Saudi women prioritise employment and education over early marriage

Saudi women prioritise employment and education over early marriage
A recent study has shown the number of Saudi women not marrying young has shot up to four million, more than double the number five years ago.
2 min read
31 July, 2015
Saudi Arabia has one of the highest divorce rates in the world [Getty]
A study conducted by the Islamic University in Madina has revealed the number of unwed women in Saudi Arabia has risen to four million, a massive jump from the 1.5 single Saudi ladies over the age of 30 just five years ago.

Sociologist Ahmad al-Sinani told Makkah Newspaper the main reasons for the recent rise was the high cost of dowries, wedding expenses and housing as well as youth unemployment.

“Owners of wedding halls have also contributed to the rise in spinsters because of their excessive prices, which range from around $13,000 to $24,000,” Sinani said.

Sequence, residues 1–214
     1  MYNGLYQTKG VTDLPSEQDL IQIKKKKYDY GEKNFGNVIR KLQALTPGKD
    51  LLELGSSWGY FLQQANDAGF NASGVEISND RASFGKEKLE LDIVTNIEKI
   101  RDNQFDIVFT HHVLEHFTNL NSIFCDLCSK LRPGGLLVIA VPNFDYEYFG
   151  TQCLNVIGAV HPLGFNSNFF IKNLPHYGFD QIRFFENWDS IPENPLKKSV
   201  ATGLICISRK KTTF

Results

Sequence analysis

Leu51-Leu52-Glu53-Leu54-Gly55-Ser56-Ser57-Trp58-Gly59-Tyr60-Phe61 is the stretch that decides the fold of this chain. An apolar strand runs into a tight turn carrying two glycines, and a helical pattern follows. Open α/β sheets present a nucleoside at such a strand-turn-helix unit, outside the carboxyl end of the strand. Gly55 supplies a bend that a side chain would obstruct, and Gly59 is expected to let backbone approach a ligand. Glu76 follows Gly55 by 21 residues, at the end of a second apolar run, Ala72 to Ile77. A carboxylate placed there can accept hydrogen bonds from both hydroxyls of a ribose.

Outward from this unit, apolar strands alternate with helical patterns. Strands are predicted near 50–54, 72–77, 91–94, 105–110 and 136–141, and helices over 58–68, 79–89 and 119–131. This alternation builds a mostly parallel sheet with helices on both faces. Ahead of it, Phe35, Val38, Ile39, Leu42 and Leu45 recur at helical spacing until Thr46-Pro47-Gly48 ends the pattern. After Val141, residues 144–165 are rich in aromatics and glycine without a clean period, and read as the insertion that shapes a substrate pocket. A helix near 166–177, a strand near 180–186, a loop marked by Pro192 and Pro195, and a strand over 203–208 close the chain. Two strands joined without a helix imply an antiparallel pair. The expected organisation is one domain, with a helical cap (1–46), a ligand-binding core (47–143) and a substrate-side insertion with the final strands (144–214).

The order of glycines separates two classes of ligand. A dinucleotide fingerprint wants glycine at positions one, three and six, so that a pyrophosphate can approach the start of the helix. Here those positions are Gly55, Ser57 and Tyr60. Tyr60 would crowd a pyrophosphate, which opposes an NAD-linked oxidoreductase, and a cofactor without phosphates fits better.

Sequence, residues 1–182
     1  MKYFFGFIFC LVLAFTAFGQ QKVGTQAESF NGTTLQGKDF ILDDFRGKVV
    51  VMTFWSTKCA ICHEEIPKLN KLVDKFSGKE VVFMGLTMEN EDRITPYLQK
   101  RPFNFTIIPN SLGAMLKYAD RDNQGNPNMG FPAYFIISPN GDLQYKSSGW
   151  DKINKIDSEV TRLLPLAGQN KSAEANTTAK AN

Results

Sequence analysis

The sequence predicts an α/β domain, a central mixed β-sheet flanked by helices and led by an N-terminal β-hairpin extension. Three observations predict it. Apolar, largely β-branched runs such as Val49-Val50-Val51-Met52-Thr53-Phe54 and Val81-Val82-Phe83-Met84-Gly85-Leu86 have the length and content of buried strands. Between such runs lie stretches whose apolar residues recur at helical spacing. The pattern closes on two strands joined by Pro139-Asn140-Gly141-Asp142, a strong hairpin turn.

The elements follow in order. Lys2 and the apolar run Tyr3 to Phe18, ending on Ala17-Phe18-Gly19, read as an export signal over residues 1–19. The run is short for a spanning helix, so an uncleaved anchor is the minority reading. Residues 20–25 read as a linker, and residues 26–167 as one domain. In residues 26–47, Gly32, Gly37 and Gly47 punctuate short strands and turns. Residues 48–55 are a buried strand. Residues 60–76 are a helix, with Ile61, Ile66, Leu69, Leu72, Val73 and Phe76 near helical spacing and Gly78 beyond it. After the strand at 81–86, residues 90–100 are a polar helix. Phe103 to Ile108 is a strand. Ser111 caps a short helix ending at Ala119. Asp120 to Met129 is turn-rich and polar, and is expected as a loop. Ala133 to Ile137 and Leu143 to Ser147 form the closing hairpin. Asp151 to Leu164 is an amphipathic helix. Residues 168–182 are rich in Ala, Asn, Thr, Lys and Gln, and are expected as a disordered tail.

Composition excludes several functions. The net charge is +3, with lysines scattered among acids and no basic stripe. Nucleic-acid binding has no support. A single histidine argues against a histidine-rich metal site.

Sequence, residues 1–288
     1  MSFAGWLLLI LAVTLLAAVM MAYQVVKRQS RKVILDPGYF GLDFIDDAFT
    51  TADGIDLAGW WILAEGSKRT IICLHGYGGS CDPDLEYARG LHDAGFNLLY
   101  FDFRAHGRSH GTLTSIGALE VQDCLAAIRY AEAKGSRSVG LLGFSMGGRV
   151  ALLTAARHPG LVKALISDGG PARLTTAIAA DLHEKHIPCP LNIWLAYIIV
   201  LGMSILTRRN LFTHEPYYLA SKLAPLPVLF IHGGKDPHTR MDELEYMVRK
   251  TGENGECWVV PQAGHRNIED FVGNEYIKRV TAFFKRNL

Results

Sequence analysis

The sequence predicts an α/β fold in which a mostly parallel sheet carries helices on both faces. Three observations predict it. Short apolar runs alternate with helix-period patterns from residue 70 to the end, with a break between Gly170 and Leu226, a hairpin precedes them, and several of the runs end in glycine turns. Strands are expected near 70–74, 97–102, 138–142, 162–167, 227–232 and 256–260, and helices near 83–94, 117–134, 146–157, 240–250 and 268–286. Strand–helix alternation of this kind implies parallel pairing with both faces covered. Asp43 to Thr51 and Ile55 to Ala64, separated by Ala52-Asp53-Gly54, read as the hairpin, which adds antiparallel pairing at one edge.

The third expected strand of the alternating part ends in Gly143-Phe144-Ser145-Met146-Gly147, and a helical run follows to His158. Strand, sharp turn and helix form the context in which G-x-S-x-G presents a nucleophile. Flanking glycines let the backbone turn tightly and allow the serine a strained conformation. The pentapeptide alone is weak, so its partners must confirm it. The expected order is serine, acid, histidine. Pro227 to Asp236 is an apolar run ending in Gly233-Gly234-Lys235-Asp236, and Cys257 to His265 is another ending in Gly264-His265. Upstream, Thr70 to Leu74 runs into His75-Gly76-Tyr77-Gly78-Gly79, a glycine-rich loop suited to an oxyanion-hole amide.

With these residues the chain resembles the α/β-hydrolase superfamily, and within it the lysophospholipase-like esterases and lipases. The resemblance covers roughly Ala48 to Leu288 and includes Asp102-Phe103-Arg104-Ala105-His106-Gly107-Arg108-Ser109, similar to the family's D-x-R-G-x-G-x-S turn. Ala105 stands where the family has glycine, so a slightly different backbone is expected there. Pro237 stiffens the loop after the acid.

Women outnumber men in the kingdom’s universities [Getty]
Marriage is seen as an essential part of “becoming a woman” in conservative Saudi culture where failing to tie the knot carries severe social stigma. Traditionally, women in Saudi Arabia are expected to be married by their early twenties.

Many so-called Saudi “family experts” have failed to realise that the high costs associated with getting married is not the only cause for the “spinster” phenomenon.

A growing number of Saudi women have chosen to remain single through their twenties and into their thirties as they pursue other ambitions such as education and employment.

Women are now taking on a greater role in public life, with jobs mostly in the education sector. Currently, 400,000 women are working in Saudi Arabia compared with less than 55,000 before 2009, according to the labour ministry.

Saudi Arabia also has one of the highest divorce rates in the world with one in five marriages ending in divorce, 80 percent before the first wedding anniversary.

In 2014, out of a population of 21 million Saudis and nine million expats, 34,000 weddings were annulled in Saudi Arabia, three times more compared to the previous year, according to the justice ministry.

The Saudi media has blamed a whole range of factors for the spiraling divorce rates from Facebook and Whatsapp to the moral decay of society